WASHINGTON (AP) — The mayors of Chicago, Denver, Houston, Los Angeles and New York are pressing to meet with President Joe Biden about getting federal help in managing the surge of migrants they say are arriving in their cities with little to no coordination, support or resources from his administration.
The Democratic leaders say in a letter obtained by The Associated Press on Wednesday that while they appreciate Biden’s efforts so far, much more needs to be done to ease the burden on their cities.
Migrants are sleeping in police station foyers in Chicago. In New York, a cruise ship terminal was turned into a shelter. In Denver, the number of migrants arriving has increased tenfold and available space to shelter them has withered. With fewer available work authorizations, these migrants cannot find work that would allow them to get into proper housing.
Denver Mayor Mike Johnston, who is leading the coalition, said nearly every conversation he has had with arriving migrants is the same: Can he help them find a job, they ask.
“The crisis is we have folks here who desperately want to work. And we have employers here who desperately want to hire them. And we have a federal government that’s standing in the way of employers who want to hire employees who want to work,” Johnston said.
The situation at the U.S.-Mexico border has vexed the Democratic president, who is seeking reelection in 2024. He is increasingly under fire from members of his own party who are managing the growing number of migrants in their cities. Republicans claim Biden is soft on border security and is allowing too many people to enter the United States.
He has responded by toughening rules at the border meant to curb illegal crossings and by offering work authorizations and other incentives to those who come to the U.S. legally — applying ahead of time and arriving by plane.
The reason for the ballooning number of migrants in these cities is complicated, but economic and climate-related hardships in their home countries are key drivers. There are increasing numbers of families arriving and asking for asylum.
Some conservative-leaning states have sent migrants to so-called sanctuary cities such as New York or Chicago, where laws are more favorable to noncitizens. But that alone does not explain why the cities are facing such increases.
In years past, when migrants arrived, they would be released and picked up by nonprofit groups before usually going to stay with a relative already in the U.S. But the nationalities of the people arriving have changed, and many no longer have any place to go.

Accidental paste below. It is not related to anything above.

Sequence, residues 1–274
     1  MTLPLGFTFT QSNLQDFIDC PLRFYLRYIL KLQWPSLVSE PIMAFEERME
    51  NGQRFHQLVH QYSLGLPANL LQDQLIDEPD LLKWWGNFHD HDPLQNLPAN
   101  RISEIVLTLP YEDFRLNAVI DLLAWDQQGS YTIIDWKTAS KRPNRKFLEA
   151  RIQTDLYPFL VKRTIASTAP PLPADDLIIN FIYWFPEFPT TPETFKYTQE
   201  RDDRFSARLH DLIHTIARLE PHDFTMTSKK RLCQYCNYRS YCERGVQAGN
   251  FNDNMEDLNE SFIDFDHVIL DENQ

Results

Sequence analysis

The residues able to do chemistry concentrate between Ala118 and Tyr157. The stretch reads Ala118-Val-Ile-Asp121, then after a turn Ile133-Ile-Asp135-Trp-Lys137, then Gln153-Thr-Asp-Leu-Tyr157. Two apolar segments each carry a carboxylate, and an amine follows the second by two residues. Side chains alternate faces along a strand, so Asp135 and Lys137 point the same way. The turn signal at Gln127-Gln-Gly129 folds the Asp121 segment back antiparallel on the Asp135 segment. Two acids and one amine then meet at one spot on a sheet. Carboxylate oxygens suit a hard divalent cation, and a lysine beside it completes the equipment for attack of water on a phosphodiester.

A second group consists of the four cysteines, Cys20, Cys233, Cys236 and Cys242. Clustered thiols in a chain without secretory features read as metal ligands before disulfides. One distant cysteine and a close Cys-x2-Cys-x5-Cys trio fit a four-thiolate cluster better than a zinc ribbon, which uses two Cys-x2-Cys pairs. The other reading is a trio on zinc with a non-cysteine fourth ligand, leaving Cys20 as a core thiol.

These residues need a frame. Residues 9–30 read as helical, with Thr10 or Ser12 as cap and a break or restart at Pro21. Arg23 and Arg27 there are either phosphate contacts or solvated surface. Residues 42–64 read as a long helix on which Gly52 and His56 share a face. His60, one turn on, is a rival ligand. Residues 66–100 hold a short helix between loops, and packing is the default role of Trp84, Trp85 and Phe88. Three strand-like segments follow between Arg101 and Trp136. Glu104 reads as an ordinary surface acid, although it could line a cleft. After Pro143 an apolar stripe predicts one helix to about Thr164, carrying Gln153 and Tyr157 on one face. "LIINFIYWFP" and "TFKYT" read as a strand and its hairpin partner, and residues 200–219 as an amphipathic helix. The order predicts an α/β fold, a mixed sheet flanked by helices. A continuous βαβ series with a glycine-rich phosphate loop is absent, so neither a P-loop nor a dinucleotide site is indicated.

Winning asylum is a long and difficult process through a badly clogged immigration court system. In some cases, migrants may wait up to a decade for a court date. They are released into the U.S. to wait. Some are eligible to work, but such authorizations are badly delayed. There are concerns, too, that allowing too much work authorization will encourage more people to make the dangerous journey to the U.S. on foot. So thousands are in limbo, unable to work, sleeping in shelters or government facilities.
Biden has requested $1.4 billion from Congress to help state and local governments provide shelter and services for migrants, after earlier pleas from Democratic mayors and governors.
Johnston and the other mayors say in their letter that more is needed, and they are asking for $5 billion.
“While we are greatly appreciative of the additional federal funding proposed, our city budgets and local taxpayers continue to bear the brunt of this ongoing federal crisis,” the letter says. “Cities have historically absorbed and integrated new migrants with success.”
Denver is spending $2 million a week on sheltering migrants. New York has surpassed a total of $1.7 billion and Chicago has spent $320 million, according to the letter.
“Our cities need additional resources that far exceed the amount proposed in order to properly care for the asylum seekers entering our communities,” the mayors’ letter says. “Relying on municipal budgets is not sustainable and has forced us to cut essential city services.”
The mayors also want an accelerated work authorization approval process so migrants can find work.
The cities are full of people who have applied, but there are delays of six months or more. The mayors also are pushing to expand authorizations so anyone released into the U.S. would become eligible to find work while they wait for their immigration cases to play out.
Lastly, they are asking for the administration to create a regional migrate coordinator who would work with the federal government, nonprofits and state and local officials. The aim is to better coordinate and place migrants in areas where there is capacity for them.
The letter was signed by Johnston and the mayors of the country’s four largest cities: Eric Adams of New York, Karen Bass of Los Angeles, Brandon Johnson of Chicago and Sylvester Turner of Houston.
It’s unclear whether Congress, including the Republican-controlled House, will pass any of the funding Biden has requested, let alone a increase for local support.
“We think there is a real common sense path here that and that’s why we thought it was important,” Johnston said.